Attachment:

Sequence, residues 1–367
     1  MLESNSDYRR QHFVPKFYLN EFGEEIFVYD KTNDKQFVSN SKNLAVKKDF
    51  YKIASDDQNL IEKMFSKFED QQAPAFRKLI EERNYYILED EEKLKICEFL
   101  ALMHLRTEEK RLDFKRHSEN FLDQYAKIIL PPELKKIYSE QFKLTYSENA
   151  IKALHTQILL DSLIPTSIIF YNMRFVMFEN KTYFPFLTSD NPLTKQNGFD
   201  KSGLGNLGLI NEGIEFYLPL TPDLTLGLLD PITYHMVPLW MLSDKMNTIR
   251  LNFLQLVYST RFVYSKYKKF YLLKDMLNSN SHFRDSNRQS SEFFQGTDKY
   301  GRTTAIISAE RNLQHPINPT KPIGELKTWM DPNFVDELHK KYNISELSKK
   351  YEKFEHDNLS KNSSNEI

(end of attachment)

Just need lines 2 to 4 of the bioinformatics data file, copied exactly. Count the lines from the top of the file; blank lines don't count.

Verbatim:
     1  MLESNSDYRR QHFVPKFYLN EFGEEIFVYD KTNDKQFVSN SKNLAVKKDF
    51  YKIASDDQNL IEKMFSKFED QQAPAFRKLI EERNYYILED EEKLKICEFL
   101  ALMHLRTEEK RLDFKRHSEN FLDQYAKIIL PPELKKIYSE QFKLTYSENA